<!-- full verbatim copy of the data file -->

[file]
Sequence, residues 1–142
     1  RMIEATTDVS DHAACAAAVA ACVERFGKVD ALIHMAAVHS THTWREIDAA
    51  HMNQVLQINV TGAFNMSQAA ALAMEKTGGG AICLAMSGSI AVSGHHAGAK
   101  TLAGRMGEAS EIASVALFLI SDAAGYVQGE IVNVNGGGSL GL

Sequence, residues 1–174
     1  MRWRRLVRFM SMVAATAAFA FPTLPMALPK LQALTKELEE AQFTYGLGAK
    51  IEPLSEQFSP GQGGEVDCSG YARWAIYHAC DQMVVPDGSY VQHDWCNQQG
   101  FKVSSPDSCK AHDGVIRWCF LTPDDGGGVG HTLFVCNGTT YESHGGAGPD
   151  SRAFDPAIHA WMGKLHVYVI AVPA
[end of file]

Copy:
Sequence, residues 1–142
     1  RMIEATTDVS DHAACAAAVA ACVERFGKVD ALIHMAAVHS THTWREIDAA
    51  HMNQVLQINV TGAFNMSQAA ALAMEKTGGG AICLAMSGSI AVSGHHAGAK
   101  TLAGRMGEAS EIASVALFLI SDAAGYVQGE IVNVNGGGSL GL

Sequence, residues 1–174
     1  MRWRRLVRFM SMVAATAAFA FPTLPMALPK LQALTKELEE AQFTYGLGAK
    51  IEPLSEQFSP GQGGEVDCSG YARWAIYHAC DQMVVPDGSY VQHDWCNQQG
   101  FKVSSPDSCK AHDGVIRWCF LTPDDGGGVG HTLFVCNGTT YESHGGAGPD
   151  SRAFDPAIHA WMGKLHVYVI AVPA